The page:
• The World: o A 2D array that can store one Moveable, Immoveable, or Autonomous object per cell of the array. o A method called public void step() that iterates through the cells of the array changing the state of the world by updating the position of all the Autonomous and Moveable objects (see below). It does this once for each call to the method. o The method public void display() to display the world on the screen using Swing or JavaFX. This must be a GUI grid displaying simple text tokens that represent the items in the world. o The method public void add(item,x,y) is used to populate the world by adding items to the array at cell x,y. The cell needs to be available (empty) or the add fails. o The constructor defines the size of the array. The array is empty.
  • Immovable: o Private string name, describing what it is. o Private char token, a character that stores the symbol that represents the item when printed to the screen. o Private int x, y, which specifies the location in the array this item exists. o The method public char getToken() returns the character symbol. (If you want a greater challenge, you can replace the symbol by a graphic.)
  • Moveable: o Implemented exactly as Immovable, however it can be moved by one cell position if bumped into by an Autonomous object. It is displaced in the same direction as the bump. For example, if the item was bumped on its right side and the motion of the bump was towards the left, then the item will move to the left.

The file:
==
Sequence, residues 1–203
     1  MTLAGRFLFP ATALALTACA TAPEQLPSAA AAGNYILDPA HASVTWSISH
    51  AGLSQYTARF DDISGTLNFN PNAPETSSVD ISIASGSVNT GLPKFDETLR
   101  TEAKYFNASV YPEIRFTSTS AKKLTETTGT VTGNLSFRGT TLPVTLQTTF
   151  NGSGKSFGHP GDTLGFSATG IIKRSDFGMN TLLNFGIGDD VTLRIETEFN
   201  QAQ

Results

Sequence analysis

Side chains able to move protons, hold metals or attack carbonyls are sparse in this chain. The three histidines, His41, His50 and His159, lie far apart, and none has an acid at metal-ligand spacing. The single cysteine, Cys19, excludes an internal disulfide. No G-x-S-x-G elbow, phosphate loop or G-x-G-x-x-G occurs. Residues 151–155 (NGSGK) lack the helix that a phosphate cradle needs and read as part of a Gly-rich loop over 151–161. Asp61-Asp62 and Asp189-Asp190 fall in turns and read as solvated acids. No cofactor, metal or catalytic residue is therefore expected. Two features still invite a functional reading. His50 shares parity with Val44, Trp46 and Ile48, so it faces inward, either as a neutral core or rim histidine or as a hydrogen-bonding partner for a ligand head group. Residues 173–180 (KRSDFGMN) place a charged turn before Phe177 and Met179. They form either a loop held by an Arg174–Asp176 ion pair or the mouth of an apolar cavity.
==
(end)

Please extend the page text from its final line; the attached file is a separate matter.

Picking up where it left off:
• Autonomous: o Implemented exactly like Moveable (bumped by a Moveable object or another Autonomous object causes it to shift one cell in the direction it was bumped). o A public void step() method that randomly picks a direction and updates the item to a new location by one cell.
  • Construct a main method that builds a world and then runs a simulation for 100 iterations. o Your program will not prompt the user at the beginning. o Your main method will call private static buildWorld() method that will be hand coded to construct a world of a particular size and then populated with 5 immovable, 3 moveable and 2 autonomous objects. Your implementation must be able to handle any number of items since the TAs will change these parameters when they test your program. Once the world is populated the method returns to the main. o From the main, a for-loop is used to iterate 100 times. For each iteration of the loop the objects of the world are updated and their new positions are displayed on the screen. o When the simulation is complete, the program prompts the user: Would you like to run the simulation again?. If they say yes then the world iterates for an additional 100 loops, continuing with the world as it was before the prompt. If
they say no, then the program terminates. After this second 100 iteration the user
is prompted again, etc.


  • 1 points: A readme.txt file making it explicit the well-formed techniques and design patterns you elected to use to answer this question
  • 2 points: Well-formed techniques and design pattern choices
  • 2 points: World
  • 1 point: Immovable
  • 1 point: Moveable
  • 2 points: Autonomous
  • 1 point: Main

Graded proportionally